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US-China Trade War Drives $1.7 Trillion Market Cap Loss, Federal Reserve Bank Finds

The United States-China trade war has slashed American companies’ profitability, according to a new report, and that blow brought many brands and retailers into the year of the pandemic in a weaker position than they would have been.

In just over a year, the average tariff rate for U.S. imports rose from 2.7 percent to 17.5 percent thanks to new tariffs imposed on $300 billion worth of goods from China, according to a report released Thursday by the Federal Reserve Bank of New York. As China retaliated for what has been President Trump’s at-all-costs effort to bring the trade relationship with the Asian powerhouse into better balance, the average tariff applied on U.S. exports to China jumped from 5.7 percent to 20.4 percent.

“The trade war reduced U.S. investment growth by 0.3 percentage points by the end of 2019, and is expected to shave another 1.6 percentage points off of investment growth by the end of 2020,” the Federal Reserve report noted.

Because U.S. businesses “bore virtually all of the cost of higher U.S. import duties,” according to the Fed, the expected profitability of their operations also took a hit. At the same time, those that export to China, whether directly or indirectly, became less profitable because the tariffs made them less competitive. What’s more, researchers noted, “The trade war seems to have caused a slowing of the Chinese economy, which, in conjunction with the possibility of China imposing new non-tariff barriers on U.S. firms, likely diminished the returns firms made on investments in the Chinese market.”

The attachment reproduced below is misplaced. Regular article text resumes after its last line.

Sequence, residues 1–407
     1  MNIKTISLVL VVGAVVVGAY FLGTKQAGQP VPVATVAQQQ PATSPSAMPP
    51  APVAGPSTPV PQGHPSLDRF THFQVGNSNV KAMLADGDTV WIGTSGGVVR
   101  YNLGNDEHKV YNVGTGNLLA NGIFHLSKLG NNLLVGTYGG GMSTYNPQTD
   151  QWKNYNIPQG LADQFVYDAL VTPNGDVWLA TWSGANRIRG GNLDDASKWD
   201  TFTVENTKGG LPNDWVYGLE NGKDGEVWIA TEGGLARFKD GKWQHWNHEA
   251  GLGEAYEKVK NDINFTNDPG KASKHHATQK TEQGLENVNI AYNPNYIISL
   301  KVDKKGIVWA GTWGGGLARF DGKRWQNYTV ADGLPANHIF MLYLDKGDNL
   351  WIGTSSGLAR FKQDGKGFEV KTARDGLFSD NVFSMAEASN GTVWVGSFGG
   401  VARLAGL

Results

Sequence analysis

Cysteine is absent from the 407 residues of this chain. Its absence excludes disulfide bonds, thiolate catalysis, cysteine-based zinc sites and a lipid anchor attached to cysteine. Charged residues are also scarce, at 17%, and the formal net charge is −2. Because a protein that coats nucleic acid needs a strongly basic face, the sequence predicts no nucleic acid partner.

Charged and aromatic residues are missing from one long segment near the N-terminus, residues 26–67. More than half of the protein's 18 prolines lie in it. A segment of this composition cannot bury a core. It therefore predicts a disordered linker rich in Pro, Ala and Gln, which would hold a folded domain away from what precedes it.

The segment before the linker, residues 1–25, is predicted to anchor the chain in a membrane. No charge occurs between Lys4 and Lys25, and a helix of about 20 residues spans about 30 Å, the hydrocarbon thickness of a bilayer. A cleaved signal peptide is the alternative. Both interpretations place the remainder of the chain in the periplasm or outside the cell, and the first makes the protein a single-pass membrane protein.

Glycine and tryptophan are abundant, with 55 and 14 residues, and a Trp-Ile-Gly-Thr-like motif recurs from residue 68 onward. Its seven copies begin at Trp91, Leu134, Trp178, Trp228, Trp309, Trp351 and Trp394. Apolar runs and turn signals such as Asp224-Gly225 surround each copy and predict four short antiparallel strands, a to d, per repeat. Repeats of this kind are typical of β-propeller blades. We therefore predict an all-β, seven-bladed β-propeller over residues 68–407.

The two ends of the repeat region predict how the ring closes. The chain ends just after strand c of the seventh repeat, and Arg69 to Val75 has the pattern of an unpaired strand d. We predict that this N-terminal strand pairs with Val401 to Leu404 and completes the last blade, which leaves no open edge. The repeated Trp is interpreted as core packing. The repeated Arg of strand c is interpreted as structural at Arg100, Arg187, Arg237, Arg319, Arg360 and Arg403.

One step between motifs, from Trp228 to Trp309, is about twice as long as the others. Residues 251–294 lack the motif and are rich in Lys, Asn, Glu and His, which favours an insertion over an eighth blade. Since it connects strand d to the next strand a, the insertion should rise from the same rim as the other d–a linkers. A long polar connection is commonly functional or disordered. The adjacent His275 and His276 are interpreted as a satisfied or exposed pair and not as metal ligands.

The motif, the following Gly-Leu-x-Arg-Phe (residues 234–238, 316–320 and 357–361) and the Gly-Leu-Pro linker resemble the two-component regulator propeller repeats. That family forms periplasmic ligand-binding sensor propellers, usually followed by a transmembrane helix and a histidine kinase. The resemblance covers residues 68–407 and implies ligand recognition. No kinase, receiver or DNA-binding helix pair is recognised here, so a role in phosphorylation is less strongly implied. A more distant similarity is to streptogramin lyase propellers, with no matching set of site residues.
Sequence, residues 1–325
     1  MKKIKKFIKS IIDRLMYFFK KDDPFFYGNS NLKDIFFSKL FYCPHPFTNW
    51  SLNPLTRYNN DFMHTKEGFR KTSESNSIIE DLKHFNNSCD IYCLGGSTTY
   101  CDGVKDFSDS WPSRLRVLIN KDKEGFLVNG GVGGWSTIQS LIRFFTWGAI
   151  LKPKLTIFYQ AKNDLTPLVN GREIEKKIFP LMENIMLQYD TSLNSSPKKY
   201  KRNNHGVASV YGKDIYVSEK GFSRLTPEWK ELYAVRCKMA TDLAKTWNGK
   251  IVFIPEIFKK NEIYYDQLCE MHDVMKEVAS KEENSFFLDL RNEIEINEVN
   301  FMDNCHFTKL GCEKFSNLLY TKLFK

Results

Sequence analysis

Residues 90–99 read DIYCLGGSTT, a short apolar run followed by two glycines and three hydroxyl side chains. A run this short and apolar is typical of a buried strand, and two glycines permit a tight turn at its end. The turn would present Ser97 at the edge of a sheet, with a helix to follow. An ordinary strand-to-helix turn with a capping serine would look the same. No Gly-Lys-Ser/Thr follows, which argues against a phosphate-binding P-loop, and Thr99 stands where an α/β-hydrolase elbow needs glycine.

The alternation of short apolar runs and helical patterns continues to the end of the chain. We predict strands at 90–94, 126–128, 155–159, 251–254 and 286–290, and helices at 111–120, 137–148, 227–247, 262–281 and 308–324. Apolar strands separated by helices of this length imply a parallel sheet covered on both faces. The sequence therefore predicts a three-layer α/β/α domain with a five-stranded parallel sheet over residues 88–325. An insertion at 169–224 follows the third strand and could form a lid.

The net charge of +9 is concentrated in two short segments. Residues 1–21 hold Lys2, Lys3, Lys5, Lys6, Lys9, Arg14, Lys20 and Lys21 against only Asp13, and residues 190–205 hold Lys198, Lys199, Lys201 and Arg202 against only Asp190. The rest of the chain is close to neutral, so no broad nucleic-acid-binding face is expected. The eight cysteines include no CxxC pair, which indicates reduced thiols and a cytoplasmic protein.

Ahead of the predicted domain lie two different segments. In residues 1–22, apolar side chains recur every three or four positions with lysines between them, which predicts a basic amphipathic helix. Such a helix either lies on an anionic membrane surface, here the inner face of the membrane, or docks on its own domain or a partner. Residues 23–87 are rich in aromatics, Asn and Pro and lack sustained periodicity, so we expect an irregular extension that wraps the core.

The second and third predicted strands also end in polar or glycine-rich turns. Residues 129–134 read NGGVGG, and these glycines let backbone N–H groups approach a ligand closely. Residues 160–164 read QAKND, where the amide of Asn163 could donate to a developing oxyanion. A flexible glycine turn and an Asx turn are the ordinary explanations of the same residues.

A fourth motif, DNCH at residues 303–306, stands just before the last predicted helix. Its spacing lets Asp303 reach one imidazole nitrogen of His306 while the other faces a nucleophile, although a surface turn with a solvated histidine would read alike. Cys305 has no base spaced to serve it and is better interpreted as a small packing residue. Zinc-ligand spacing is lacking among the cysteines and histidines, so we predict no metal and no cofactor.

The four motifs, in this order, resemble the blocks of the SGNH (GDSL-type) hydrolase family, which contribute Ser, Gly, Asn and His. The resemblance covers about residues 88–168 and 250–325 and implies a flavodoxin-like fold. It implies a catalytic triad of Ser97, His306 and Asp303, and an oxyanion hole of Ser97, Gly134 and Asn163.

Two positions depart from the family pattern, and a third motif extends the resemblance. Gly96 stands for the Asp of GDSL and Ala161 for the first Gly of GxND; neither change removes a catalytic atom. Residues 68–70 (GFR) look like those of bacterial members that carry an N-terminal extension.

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And even companies that don’t deal directly with China have paid a price for the trade war.

“U.S. tariff announcements may have raised the expected profits of domestic firms that compete with Chinese imports,” the report noted. “Heightened trade policy uncertainty and reduced demand from firms that are dependent on the Chinese market may have affected the profitability of firms that were not directly exposed to China. Moreover, their U.S. suppliers may have raised prices, either because they import from China or because they could increase markups due to a decrease in import competition.”

In short, the trade war hasn’t done as much to shore up domestic manufacturing as intended as it has to damage fashion businesses’ already fragile financial footing. And when profitability falters for companies with exposure in China, so does investment.

Because U.S.-China tariff announcements were, on average, tied to substantial stock market declines, and despite some bounce-back in ensuing days, the tariffs served to lower companies’ expected profits, the Fed said. All of this, according to the report, “depressed equity prices by 6 percent, translating into a $1.7 trillion loss in market capitalization.”

And the damage may be far from over. The trade war, based on the Fed’s findings, reduced U.S. investment growth by 0.3 percentage points by the end of 2019 and it’s expected to slash another 1.6 percent points off of that investment growth—which companies will be in dire need of as they look to reimagine supply chains for a post-COVID-19 future—by the end of 2020.